|37000 Feet||Browse and search NASA's
Aviation Safety Reporting System
|Local Time Of Day||0601 To 1200|
|Locale Reference||airport : cps|
|Altitude||agl bound lower : 450|
agl bound upper : 450
|Controlling Facilities||tower : cps|
|Operator||general aviation : personal|
|Make Model Name||Small Aircraft, High Wing, 1 Eng, Fixed Gear|
|Flight Phase||descent : approach|
|Function||flight crew : single pilot|
|Qualification||pilot : instrument|
pilot : cfi
pilot : atp
|Experience||flight time last 90 days : 35|
flight time total : 4555
flight time type : 800
|Affiliation||government : faa|
|Function||controller : local|
|Qualification||controller : non radar|
|Anomaly||inflight encounter : weather|
|Independent Detector||other flight crewa|
|Resolutory Action||none taken : anomaly accepted|
|Primary Problem||Flight Crew Human Performance|
|Air Traffic Incident||Pilot Deviation|
|ATC Facility||procedure or policy : unspecified|
Approaching southeast il approximately 60 mi form destination I asked for WX at destination cps. Visibility was called to be 3/4 mi in fog. I reduced my speed for remainder of flight because it was ground fog, late morning, and I suspected that because it was due to cool air over warm ground, the undercast over which I was flying had holes (it was not a consistent fog) and that the sun would burn off the fog, I would arrive after the visibility had come up above the 1 mi minimum for the approach. As I was being vectored for the approach, I checked in and found that spirit of st louis airport was above minimums and told the controller I would go there if I missed the approach into cps (it was still reported as 3/4 mi visibility). At 450 ft AGL I broke out of the clouds, saw the approach lights and runway in front of me and to the right (the localizer is offset). I was surprised -- I have shot ILS approachs down to 1/2 and 3/4 mi visibility in the past -- the visibility was better than that. In the time I had to look around, I estimated the visibility to be a mi or better. I gave a call to the tower that I had the runway and visibility was a mile to a mile and a quarter, and then landed. The next morning, on departure, I felt that the tower under-reported the visibility once again. I have had some experience estimating visibilities and also know that towers use landmarks at known distances to report visibility, which is a good procedure. However, from time to time, I have observed controllers who do not understand visibility reported and report erroneous distances.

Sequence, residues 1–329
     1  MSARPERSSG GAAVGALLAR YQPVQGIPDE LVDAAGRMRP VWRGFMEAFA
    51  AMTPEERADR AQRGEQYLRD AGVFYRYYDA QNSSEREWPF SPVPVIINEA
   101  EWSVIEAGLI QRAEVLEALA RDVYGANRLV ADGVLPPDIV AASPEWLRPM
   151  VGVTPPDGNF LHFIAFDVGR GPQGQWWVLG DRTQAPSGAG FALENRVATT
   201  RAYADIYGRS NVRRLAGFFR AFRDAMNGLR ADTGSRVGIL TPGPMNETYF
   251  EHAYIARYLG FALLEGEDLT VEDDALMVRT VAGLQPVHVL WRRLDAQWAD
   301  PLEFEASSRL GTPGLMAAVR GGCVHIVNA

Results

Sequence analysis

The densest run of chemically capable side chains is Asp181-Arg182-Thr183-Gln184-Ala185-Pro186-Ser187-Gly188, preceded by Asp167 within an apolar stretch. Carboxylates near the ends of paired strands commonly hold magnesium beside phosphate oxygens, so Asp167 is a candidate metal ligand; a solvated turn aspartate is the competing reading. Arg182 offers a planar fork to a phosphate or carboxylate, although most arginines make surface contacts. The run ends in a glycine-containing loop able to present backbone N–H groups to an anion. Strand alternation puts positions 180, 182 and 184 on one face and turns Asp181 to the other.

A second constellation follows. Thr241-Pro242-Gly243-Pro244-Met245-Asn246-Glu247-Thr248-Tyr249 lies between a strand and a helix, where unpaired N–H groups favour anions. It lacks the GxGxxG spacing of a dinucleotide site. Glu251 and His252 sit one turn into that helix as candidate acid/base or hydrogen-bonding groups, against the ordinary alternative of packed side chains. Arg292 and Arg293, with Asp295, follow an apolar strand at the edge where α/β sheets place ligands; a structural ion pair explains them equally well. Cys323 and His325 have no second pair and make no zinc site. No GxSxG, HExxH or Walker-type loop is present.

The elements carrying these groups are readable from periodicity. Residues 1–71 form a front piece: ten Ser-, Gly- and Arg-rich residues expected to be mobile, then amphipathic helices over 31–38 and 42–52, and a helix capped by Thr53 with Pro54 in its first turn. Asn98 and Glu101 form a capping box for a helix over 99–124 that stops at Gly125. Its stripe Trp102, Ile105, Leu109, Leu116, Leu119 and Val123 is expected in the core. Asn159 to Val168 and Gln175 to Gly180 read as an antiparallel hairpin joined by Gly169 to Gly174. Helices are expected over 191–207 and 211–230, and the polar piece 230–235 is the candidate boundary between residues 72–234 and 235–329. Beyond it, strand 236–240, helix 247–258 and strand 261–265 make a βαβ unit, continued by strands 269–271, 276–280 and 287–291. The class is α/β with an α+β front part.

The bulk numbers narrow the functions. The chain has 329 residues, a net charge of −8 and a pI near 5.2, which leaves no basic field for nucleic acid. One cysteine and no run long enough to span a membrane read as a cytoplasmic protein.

Original NASA ASRS Text
Title: SMA MAKES INST APCH BELOW MINIMUMS RPTED.
Narrative: APCHING SE IL APPROX 60 MI FORM DEST I ASKED FOR WX AT DEST CPS. VISIBILITY WAS CALLED TO BE 3/4 MI IN FOG. I REDUCED MY SPD FOR REMAINDER OF FLT BECAUSE IT WAS GND FOG, LATE MORNING, AND I SUSPECTED THAT BECAUSE IT WAS DUE TO COOL AIR OVER WARM GND, THE UNDERCAST OVER WHICH I WAS FLYING HAD HOLES (IT WAS NOT A CONSISTENT FOG) AND THAT THE SUN WOULD BURN OFF THE FOG, I WOULD ARRIVE AFTER THE VISIBILITY HAD COME UP ABOVE THE 1 MI MINIMUM FOR THE APCH. AS I WAS BEING VECTORED FOR THE APCH, I CHKED IN AND FOUND THAT SPIRIT OF ST LOUIS ARPT WAS ABOVE MINIMUMS AND TOLD THE CTLR I WOULD GO THERE IF I MISSED THE APCH INTO CPS (IT WAS STILL RPTED AS 3/4 MI VISIBILITY). AT 450 FT AGL I BROKE OUT OF THE CLOUDS, SAW THE APCH LIGHTS AND RWY IN FRONT OF ME AND TO THE R (THE LOC IS OFFSET). I WAS SURPRISED -- I HAVE SHOT ILS APCHS DOWN TO 1/2 AND 3/4 MI VISIBILITY IN THE PAST -- THE VISIBILITY WAS BETTER THAN THAT. IN THE TIME I HAD TO LOOK AROUND, I ESTIMATED THE VISIBILITY TO BE A MI OR BETTER. I GAVE A CALL TO THE TWR THAT I HAD THE RWY AND VISIBILITY WAS A MILE TO A MILE AND A QUARTER, AND THEN LANDED. THE NEXT MORNING, ON DEP, I FELT THAT THE TWR UNDER-RPTED THE VISIBILITY ONCE AGAIN. I HAVE HAD SOME EXPERIENCE ESTIMATING VISIBILITIES AND ALSO KNOW THAT TWRS USE LANDMARKS AT KNOWN DISTANCES TO RPT VISIBILITY, WHICH IS A GOOD PROC. HOWEVER, FROM TIME TO TIME, I HAVE OBSERVED CTLRS WHO DO NOT UNDERSTAND VISIBILITY RPTED AND RPT ERRONEOUS DISTANCES.
Data retrieved from NASA's ASRS site as of July 2007 and automatically converted to unabbreviated mixed upper/lowercase text. This report is for informational purposes with no guarantee of accuracy. See NASA's ASRS site for official report.